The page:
Entertainment (TWE); lost print persona for video and cable, experienced merger woes - Added Ted Turner’s empire in 1996 Time Warner’s major competitors - Disney, Viacom, News Corp, Sony, and many others - compete in the same global communication market with many competing brands CNN Connection Turner’s video empire competed with Time’s print focus; Turner’s media properties supplemented Time Warner’s strategic moves in the video business AOL merger brings global leadership covering web brands, Internet, e-commerce, interactive services and connectivity; handles over two billion instant messages per day - Number of AOL subscribers has fallen from 30 million to 6 million - Competes directly with Microsoft, AT&T, and others; web services compete with Google, Yahoo!, MSN, Disney, and others However, maintains distinct global lead as the major Internet provider - Has four major product lines: 1. Interactive Services Group - includes Internet provider activities and Internet portals; Business group contains AOL Wireless Services designed to deliver AOL properties 2. Interactive Properties Group - contains branded properties, such as AOL Instant Messenger and MapQuest; in 2008 acquired global social media network Bebo 3. AOL International Group - responsible for all operations outside the United States, where AOL has more than 10 millions subscribers and is often second to only the domestic telecommunications company 4. Netscape Enterprise Group - included software products, technical support, and consulting and training, but as o 2008 no longer supports Netscape products Summary Long-term strategic plan of many mergers made Time Warner one of the world’s largest media companies - Merged with Warner Communications in 1989 and Turner Broadcasting in 1996 Operates in six major communication sectors: cable, publishing, films, music, broadcasting, and the Internet - Television broadcasting offers the most sophisticated fiber-optic systems, and in global markets (i.e. CNN International in over 212 countries and territories) - Lacks a national television network based in the US, like ABC or CBS CNN is number two in the US domestic market (behind Fox), but number one globally Viacom History Spun off from CBS in 1971, but merged with CBS in 2000 after approval from the FCC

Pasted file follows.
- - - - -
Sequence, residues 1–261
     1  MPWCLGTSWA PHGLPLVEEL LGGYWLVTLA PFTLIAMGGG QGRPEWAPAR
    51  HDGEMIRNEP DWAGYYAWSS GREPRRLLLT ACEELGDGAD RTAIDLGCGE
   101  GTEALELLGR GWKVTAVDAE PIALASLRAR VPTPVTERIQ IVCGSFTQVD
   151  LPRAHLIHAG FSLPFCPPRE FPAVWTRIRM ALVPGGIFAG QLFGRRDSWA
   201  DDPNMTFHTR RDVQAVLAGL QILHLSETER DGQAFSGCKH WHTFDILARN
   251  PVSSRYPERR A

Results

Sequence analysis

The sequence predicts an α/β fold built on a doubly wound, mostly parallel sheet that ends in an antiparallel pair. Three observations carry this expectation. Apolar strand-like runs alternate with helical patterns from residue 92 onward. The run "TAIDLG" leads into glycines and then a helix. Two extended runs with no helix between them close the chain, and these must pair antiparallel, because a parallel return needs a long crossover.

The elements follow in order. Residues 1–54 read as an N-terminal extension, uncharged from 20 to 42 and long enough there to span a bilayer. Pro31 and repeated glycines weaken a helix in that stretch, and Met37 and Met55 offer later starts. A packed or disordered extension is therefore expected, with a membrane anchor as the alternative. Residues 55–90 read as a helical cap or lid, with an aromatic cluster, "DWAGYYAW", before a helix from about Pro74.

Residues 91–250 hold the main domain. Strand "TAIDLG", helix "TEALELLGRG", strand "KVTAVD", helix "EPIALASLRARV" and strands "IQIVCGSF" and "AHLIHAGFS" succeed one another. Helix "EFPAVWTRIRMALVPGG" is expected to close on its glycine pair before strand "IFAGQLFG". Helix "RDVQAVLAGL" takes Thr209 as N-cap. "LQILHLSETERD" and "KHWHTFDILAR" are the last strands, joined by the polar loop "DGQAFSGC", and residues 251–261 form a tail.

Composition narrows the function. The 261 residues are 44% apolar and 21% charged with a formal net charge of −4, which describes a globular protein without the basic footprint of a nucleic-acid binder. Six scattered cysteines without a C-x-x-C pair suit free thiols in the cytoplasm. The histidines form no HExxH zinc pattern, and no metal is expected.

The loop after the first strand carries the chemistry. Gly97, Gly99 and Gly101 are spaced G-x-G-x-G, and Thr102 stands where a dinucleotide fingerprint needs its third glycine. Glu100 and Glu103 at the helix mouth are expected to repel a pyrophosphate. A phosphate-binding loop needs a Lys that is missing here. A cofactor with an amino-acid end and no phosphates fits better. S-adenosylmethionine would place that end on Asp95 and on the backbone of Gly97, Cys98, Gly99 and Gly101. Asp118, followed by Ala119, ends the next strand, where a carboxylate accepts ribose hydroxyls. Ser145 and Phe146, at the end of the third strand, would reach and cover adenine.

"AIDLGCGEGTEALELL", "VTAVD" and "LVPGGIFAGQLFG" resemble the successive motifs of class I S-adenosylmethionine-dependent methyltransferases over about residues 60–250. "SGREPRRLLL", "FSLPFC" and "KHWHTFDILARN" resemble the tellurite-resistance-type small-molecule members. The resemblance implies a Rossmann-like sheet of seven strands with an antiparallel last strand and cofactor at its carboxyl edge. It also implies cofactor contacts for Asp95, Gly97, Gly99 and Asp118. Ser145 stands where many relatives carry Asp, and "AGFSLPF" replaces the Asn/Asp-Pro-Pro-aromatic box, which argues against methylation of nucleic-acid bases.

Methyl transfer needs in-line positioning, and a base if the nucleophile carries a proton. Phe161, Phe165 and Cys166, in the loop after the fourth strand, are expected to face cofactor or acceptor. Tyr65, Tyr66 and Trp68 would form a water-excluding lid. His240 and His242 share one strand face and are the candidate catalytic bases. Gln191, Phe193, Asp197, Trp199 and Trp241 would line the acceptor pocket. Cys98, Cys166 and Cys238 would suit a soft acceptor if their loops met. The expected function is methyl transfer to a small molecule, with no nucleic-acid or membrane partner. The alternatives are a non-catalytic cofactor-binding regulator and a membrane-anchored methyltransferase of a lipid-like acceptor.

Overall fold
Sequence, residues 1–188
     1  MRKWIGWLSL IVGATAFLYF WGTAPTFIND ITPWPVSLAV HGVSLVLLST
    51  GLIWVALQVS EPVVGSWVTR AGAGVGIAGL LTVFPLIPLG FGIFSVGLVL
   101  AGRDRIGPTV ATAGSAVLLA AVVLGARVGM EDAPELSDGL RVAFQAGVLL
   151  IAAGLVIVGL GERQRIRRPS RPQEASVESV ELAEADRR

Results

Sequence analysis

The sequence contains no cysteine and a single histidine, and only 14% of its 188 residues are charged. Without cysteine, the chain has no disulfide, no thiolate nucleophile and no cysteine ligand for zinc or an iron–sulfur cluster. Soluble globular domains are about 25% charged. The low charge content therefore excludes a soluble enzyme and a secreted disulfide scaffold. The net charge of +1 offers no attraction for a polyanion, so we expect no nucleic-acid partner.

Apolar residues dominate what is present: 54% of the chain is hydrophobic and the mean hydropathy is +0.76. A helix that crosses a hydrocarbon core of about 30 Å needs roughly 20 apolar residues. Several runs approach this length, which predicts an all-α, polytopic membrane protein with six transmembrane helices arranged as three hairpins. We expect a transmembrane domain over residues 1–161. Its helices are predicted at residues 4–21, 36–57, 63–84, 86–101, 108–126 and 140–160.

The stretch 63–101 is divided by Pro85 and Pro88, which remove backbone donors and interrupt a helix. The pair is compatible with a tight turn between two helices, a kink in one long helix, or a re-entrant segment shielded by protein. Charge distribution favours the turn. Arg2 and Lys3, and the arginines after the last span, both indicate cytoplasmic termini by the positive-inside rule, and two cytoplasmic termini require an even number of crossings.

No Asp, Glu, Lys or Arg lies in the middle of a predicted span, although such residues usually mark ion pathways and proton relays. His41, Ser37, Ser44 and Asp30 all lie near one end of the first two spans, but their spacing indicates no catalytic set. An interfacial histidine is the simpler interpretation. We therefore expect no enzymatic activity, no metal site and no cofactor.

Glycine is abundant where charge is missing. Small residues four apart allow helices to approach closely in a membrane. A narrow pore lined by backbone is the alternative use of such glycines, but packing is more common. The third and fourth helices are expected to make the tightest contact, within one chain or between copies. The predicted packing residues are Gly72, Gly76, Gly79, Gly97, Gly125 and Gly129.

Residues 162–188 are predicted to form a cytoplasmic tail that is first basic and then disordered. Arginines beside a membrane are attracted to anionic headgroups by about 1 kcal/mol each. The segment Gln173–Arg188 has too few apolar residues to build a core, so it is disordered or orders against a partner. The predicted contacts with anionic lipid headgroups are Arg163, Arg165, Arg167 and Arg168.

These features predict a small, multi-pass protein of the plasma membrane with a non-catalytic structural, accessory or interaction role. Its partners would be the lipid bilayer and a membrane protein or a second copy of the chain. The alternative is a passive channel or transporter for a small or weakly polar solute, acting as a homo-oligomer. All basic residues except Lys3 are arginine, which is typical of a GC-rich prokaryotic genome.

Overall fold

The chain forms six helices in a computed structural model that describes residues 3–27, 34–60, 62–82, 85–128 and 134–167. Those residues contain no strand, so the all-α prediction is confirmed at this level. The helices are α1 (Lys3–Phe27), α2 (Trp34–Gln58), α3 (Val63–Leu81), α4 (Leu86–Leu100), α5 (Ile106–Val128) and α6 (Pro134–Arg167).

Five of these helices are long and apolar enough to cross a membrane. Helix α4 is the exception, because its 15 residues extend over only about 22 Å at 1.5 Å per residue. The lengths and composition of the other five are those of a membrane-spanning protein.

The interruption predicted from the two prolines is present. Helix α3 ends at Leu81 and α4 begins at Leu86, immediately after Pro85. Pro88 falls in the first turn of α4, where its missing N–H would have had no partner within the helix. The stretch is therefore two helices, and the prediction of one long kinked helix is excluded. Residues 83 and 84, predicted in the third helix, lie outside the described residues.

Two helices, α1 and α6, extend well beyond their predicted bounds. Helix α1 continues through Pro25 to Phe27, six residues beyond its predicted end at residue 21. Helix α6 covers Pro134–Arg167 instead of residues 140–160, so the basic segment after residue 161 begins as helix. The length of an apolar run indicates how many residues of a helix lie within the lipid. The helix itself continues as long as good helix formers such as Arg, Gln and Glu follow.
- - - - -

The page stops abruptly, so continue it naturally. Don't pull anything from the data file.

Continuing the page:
- CBS was a broadcasting giant but in 1971 the Federal Communications Commission (FCC) forced them to sell all internal production and cable programming units, which they did by creating Viacom - In 2000, as part of consolidation in the broadcasting industry, Viacom purchased their parent, CBS, for $30 billion With this merger, gained control of more than 35% of the US broadcasting market, covering all CBS properties The fourth largest communication giant in the world, Viacom is a massive video syndication company with a global reach, including MTV, Paramount Pictures, Infinity Broadcasting, and hundreds of movie theatres across Canada, Europe, South America - Made possible by FCC dropping prohibition against owning production houses
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- Winter '16
- Helen Hambly
- Television network, American Broadcasting Company, Time Warner, news corp